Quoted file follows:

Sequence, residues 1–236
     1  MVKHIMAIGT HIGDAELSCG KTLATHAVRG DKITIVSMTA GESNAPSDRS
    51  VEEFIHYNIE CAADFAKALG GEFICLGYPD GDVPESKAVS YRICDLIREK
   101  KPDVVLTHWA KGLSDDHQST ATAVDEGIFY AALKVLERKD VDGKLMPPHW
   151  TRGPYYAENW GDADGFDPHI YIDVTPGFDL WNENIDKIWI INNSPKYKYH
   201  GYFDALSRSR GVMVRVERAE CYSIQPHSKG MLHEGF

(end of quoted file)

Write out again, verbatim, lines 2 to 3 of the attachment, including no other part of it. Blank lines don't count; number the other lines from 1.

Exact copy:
     1  MVKHIMAIGT HIGDAELSCG KTLATHAVRG DKITIVSMTA GESNAPSDRS
    51  VEEFIHYNIE CAADFAKALG GEFICLGYPD GDVPESKAVS YRICDLIREK